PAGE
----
HOUSTON – Houston is leading the nation in office building construction, with 17 million square feet being developed, and the market’s office vacancy rate will be rising accordingly as the space delivers in 2015, according to real estate researcher Sandy Paul of Delta Associates.
Paul told 600 in attendance at Transwestern’s TrendLines forecast event in Houston Thursday evening that Houston’s construction boom presents no significant problem for the office market.
Some 66 percent of the new office space under construction is preleased, Paul said.
Nevertheless, 17 million square feet is a sizable supply of new space.
Houston’s overall office vacancy rate, currently 9.9 percent, will rise to over 11 percent in two years, Paul said.
The keynote speaker for the TrendLines event was Ben Stein, an actor, economist, author and political commentator.
Stein touched on wide-ranging topics. Stein criticized federal officials for letting Lehman Brothers fail in 2008. That bank failure was a trigger for the Great Recession. The federal government should have orchestrated a bailout to preserve Lehman, Stein said.
Other Houston forecasts coming from Transwestern’s TrendLines:
The Industrial Market
For the period ahead, Transwestern expects continued strong performance from the Houston industrial market. The overall vacancy rate will likely edge up into the low-5 percent range over the next 12 months, as strong demand continues and more new supply is delivered. The development pipeline is expected to continue at this level given the market’s strong demand and low vacancy rate. The Houston industrial market is one of the healthiest in the U.S. and one of the best-positioned for future rent growth, given its low vacancy rate and strengthening demand drivers, particularly in the warehouse/distribution sector.
The Houston metro recorded $2.6 billion in office investment sales transactions through third quarter 2014. Although this sales volume is tracking below 2013, investor interest in Houston remains at high levels as lucrative market conditions, driven by one of the nation’s strongest local economies, continue to fuel a greater interest in Houston office assets. The Houston industrial market achieved a sales volume of $786 million through the third quarter of 2014, also behind the 2013 pace. The fundamentals of Houston’s industrial market suggest increasing sales in the period ahead as Houston is now considered a gateway city by the investor community, and many investment funds have allocated capital ready to invest.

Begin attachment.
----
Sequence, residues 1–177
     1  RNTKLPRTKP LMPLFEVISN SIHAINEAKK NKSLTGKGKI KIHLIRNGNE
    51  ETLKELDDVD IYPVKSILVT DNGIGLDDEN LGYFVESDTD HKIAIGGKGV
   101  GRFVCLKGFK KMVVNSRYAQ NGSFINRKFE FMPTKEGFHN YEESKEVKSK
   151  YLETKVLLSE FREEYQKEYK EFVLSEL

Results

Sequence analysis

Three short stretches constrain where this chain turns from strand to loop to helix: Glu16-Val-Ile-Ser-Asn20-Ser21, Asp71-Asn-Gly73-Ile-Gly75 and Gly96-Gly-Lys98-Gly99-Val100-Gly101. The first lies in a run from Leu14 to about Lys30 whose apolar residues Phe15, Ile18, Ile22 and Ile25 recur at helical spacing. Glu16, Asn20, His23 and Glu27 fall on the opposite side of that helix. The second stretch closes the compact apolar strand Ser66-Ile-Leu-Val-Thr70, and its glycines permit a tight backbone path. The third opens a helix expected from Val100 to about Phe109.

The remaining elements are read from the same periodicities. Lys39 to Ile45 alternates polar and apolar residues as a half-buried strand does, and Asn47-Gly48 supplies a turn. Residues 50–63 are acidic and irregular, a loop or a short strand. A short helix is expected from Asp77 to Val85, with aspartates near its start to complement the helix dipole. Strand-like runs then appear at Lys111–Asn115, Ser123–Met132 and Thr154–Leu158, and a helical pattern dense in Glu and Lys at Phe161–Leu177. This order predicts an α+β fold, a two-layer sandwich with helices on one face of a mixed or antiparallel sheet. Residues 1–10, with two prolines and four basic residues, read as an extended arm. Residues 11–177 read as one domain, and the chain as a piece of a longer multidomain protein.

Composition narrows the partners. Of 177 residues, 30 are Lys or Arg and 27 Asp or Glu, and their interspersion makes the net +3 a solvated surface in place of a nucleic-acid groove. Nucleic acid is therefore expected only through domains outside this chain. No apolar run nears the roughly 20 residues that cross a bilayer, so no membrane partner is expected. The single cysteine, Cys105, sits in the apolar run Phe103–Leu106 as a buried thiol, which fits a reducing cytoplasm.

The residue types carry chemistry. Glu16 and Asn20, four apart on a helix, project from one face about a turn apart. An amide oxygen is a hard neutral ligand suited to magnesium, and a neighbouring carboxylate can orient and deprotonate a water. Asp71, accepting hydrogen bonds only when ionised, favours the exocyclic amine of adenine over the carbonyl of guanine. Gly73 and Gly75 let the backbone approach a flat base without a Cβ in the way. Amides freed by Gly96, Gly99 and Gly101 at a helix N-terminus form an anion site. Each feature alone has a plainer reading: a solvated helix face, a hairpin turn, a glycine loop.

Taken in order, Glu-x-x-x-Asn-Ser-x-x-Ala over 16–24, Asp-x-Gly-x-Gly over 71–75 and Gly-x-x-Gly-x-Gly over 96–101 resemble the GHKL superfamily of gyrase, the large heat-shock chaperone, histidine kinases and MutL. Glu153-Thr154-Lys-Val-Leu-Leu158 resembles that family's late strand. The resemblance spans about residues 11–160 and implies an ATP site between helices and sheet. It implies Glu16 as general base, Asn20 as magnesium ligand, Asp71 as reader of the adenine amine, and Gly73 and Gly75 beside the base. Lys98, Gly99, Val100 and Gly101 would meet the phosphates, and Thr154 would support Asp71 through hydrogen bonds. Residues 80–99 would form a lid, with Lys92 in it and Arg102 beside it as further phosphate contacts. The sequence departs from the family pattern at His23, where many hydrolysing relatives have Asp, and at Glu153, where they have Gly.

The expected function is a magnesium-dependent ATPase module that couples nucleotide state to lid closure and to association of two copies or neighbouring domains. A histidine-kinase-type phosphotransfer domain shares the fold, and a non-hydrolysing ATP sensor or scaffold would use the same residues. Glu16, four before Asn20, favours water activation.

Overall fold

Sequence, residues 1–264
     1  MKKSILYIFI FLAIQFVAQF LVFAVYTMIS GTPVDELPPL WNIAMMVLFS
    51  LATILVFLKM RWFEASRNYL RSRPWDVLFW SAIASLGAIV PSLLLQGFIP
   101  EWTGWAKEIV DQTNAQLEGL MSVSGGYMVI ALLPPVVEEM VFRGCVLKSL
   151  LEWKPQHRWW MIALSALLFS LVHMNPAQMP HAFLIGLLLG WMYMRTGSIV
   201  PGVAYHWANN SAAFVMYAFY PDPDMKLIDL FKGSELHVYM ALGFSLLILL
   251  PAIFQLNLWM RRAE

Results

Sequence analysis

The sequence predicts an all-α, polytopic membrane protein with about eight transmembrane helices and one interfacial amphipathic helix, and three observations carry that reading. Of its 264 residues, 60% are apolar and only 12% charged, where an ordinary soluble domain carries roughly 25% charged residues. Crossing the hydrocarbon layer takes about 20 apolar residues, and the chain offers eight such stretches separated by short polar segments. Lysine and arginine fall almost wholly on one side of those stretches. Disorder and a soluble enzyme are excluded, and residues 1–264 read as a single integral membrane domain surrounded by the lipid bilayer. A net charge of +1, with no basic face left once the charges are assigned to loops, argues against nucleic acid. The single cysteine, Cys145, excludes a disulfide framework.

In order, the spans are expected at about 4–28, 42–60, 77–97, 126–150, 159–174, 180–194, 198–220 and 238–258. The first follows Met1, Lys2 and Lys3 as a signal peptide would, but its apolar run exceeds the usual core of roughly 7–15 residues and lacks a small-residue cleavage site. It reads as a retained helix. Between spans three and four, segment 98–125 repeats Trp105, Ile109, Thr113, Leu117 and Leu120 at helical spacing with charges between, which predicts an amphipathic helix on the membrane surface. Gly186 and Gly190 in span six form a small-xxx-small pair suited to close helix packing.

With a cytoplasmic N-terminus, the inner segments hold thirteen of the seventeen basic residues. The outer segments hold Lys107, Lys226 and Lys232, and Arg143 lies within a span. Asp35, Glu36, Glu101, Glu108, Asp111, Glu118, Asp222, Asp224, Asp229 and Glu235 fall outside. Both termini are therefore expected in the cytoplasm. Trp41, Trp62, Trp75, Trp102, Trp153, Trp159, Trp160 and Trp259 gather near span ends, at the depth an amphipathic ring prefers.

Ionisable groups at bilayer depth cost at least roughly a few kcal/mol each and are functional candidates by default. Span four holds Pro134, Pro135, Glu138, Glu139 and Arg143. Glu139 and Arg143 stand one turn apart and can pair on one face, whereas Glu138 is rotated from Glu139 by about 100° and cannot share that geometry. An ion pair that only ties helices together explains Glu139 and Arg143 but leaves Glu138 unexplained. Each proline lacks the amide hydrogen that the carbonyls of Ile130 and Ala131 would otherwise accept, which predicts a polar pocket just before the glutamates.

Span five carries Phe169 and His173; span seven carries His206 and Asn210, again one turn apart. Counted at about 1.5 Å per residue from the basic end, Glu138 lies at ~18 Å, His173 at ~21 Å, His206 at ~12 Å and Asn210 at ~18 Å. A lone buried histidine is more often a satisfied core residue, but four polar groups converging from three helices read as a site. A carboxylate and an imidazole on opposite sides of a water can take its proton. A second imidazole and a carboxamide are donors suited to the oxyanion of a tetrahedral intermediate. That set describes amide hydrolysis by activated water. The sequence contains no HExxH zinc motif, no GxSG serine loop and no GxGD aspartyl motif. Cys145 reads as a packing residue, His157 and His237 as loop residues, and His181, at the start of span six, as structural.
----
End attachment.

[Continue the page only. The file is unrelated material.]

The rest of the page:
The Multifamily Market
Houston remains an attractive market for multifamily investment with its long-term job market success and the nation’s sixth-lowest median age of housing inventory. Houston has absorbed 14,760 units during the first three quarters of 2014, and rental rates have increased 7.1 percent during the past 12 months. With the enduring velocity of job creation, Houston will likely continue to experience success across all multifamily asset classes. Metro population growth is expected to remain steady in the years ahead, supporting strong demand for rental units and helping keep vacancy in check as new supply delivers.
The Retail Market
Houston’s retail market continues to gain momentum and further growth is anticipated in the period ahead, making investment – especially in grocery-anchored centers – very attractive. Retail and restaurant tenants are flocking to urban infill locations as metro job growth has caused a ramp up in residential construction. Mixed-use projects such as the River Oaks District development and Uptown Park redevelopment are further defining the live-work-play dynamic in the Houston market.
“TrendLines allows us to share our analysis of the driving forces behind Houston’s success to our key clients and relationships while comparing it to other top-tier markets and forecast trends that will impact the commercial real estate market in Houston,” said Kevin Roberts, Transwestern’s Southwest President.